B.R. Myers has stirred up a big pot controversy. In his article this month in The Atlantic, The Moral Crusade Against Foodies,” Myers makes the case that well-known foodies–including Michael Pollan, Anthony Bourdain, Dana Goodyear, and lots of others–have turned traditional virtues of temperance and kindness and even civility on their heads; instead, they’ve embraced savagery and gluttony.

He’s not wrong. Myers describes Bourdain‘s story of dining on ortolan, “endangered songbirds fattened in dark boxes.” Yum. He cites example after example of foodies rhapsodizing over bleeding pigs to death, eating live eels, gorging themselves at the table. “Amorality as ethos, callousness as bravery, queenly self-absorption as machismo: no small perversion of language is needed to spin heroism out of an evening spent in a chair.”

Myers, it seems, got what he wanted: lots of readers, for and against his argument. Foodies have been indignant: how dare he accuse them of gluttony? They’re not elitists or pigs: they’re epicures, hobbyists, sensualists indulging in new sensations.

Although he doesn’t admit as much anywhere in the piece, Myers is, allegedly, a vegan and an animal right activist. Much of his argument against foodie culture hinges on foodies’ callous indifference to the suffering of the animals they eat and their attempts to rationalize this suffering as merely the animals’ lot in life. Somehow, roasted ortolan bunting is just too delicious to resist. According to NPR’s Scott Simon, “The Ortolan Bunting, a bird about the size of your thumb…is prepared by drowning it alive in Armagnac, cooked and then served whole, eaten bones and all. Now, aside from being considered more than slightly cruel, even by the standards of French cuisine, serving Ortolan is also highly illegal, because the bird is endangered.” (Which didn’t stop French chef Christophe Eme from naming is L.A. restaurant “Ortolan.” Classy, right?)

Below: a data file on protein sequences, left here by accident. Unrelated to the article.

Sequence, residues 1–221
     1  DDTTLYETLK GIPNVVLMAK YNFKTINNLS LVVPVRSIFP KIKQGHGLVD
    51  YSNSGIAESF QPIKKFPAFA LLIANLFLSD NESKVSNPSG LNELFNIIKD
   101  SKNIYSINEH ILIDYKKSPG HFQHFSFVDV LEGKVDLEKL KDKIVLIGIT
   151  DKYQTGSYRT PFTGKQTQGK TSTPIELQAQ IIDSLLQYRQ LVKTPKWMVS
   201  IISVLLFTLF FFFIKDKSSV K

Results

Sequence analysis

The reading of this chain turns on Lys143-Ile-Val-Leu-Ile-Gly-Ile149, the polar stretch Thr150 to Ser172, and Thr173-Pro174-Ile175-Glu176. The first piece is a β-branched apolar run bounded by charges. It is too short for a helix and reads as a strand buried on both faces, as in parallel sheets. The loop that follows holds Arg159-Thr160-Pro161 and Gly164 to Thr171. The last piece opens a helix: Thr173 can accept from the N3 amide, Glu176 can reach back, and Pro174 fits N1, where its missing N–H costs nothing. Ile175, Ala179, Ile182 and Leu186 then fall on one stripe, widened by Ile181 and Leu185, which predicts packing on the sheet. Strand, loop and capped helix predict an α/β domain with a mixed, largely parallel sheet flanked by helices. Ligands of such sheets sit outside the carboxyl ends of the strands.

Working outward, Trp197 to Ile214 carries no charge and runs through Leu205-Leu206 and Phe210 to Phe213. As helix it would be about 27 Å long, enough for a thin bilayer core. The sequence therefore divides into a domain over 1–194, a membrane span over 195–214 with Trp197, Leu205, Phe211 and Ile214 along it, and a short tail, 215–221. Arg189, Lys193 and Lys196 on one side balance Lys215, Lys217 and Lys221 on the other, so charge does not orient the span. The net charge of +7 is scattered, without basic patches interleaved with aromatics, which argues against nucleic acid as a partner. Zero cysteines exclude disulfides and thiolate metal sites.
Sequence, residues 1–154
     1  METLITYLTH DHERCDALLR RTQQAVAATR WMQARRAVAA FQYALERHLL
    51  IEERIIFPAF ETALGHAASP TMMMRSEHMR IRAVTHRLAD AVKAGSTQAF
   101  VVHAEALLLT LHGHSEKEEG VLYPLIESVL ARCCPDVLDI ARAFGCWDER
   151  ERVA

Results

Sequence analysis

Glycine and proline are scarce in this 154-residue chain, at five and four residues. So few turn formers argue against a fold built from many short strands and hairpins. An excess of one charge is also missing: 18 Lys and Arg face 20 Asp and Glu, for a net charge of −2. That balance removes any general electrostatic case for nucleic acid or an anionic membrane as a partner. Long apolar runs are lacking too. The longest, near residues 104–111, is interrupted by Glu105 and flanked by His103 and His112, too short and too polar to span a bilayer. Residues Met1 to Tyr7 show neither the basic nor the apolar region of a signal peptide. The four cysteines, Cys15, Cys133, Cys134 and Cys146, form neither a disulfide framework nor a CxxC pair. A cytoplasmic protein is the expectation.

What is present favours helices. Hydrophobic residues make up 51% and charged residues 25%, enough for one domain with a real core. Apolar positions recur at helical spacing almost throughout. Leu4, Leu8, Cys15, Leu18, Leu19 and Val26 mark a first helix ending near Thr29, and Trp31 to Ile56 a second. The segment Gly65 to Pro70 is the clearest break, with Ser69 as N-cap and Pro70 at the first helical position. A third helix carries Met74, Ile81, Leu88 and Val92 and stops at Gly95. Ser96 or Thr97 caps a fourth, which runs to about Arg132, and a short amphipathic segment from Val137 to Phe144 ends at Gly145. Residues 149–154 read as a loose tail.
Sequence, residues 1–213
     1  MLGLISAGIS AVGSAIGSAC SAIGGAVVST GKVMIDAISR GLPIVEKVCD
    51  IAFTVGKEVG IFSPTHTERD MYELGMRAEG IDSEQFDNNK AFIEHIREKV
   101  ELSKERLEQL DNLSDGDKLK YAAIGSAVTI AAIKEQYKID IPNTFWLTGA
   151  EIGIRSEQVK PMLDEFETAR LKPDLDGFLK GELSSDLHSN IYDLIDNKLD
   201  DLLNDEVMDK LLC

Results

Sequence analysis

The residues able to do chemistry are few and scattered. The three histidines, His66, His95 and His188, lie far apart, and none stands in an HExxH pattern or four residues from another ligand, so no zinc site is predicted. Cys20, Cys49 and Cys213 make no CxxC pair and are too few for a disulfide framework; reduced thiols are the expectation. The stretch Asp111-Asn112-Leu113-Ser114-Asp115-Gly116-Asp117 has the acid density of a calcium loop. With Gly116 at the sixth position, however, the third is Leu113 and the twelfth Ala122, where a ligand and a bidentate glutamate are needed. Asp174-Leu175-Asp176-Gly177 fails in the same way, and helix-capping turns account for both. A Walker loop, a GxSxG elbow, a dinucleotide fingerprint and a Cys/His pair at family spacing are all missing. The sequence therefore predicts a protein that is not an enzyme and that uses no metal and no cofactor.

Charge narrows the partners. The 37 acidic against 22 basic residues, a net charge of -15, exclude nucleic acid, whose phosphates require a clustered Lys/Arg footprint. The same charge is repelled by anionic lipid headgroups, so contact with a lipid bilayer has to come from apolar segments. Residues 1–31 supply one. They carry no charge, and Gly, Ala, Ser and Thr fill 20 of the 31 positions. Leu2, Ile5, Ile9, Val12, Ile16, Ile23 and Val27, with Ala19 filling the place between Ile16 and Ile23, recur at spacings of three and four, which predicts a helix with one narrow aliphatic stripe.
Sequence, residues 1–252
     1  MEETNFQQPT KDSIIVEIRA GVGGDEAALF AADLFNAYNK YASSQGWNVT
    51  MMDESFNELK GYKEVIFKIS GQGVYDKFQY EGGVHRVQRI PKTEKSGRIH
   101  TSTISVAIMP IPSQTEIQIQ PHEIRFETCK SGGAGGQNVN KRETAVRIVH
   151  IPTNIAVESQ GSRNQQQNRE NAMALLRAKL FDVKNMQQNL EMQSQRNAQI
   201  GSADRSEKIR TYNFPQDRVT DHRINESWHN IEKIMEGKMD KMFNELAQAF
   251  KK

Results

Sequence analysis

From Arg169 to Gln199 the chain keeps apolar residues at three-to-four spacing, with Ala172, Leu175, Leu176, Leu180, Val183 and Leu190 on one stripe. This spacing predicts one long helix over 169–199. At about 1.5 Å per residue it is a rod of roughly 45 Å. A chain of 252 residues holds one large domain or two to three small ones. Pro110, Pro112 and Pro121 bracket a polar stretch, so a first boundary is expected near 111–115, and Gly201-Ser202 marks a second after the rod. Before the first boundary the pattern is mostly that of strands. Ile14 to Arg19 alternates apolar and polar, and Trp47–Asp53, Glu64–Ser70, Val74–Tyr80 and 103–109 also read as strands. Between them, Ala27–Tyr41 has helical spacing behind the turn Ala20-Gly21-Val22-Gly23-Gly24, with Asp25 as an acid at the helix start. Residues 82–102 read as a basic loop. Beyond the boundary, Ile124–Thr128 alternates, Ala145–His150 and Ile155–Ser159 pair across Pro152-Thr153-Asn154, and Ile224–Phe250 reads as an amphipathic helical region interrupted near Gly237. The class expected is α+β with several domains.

I have mixed feelings about Myers’s piece. I am not a vegan, but I am a vegetarian. I don’t care if you eat meat. I won’t preach to you about your food choices. I will, however, encourage you to know how your food is produced and to make conscious decisions about the food you’re consuming. In this way, I empathize with Michael Pollan, whose motto is, “Eat food. Not too much. Mostly plants.” Myers tars Bourdain and Pollan with the same brush, which is hardly fair.

I am also an avid watcher of Top Chef and other foodie TV shows where chefs compete to see who can make the most interesting, beautiful, and delicious dishes. One of the things I love about travel is exploring new restaurants. I love cooking. I love trying new recipes. I am the type of person Myers was pricking when he mentioned that “Vogue’s restaurant critic, Jeffrey Steingarten, says he ‘spends the afternoon—or a week of afternoons—planning the perfect dinner of barbecued ribs or braised foie gras.’” I’ve never spent a week planning dinner, and I’ll pass on both the ribs and the foie gras. But a weekend afternoon devoted to shopping for groceries, baking bread, and making soup is pretty perfect in my book.

I don’t think Myers is talking about me, though. Enjoying food or appreciating haute cuisine is not the issue. He’s skewering the idea of it taking some kind of machismo to kill a pig or eat an endangered songbird, some virtue in stuffing your gut until you’re ready to burst.

And, on that note, here’s Monty Python’s famous Mr. Creosote, from The Meaning of Life. (WARNING: If you’ve never seen it, be advised that it may be the most disgusting movie scene you’ve ever experienced. If you have seen it–even if you’ve laughed hysterically over it–you probably don’t need to watch it again.)

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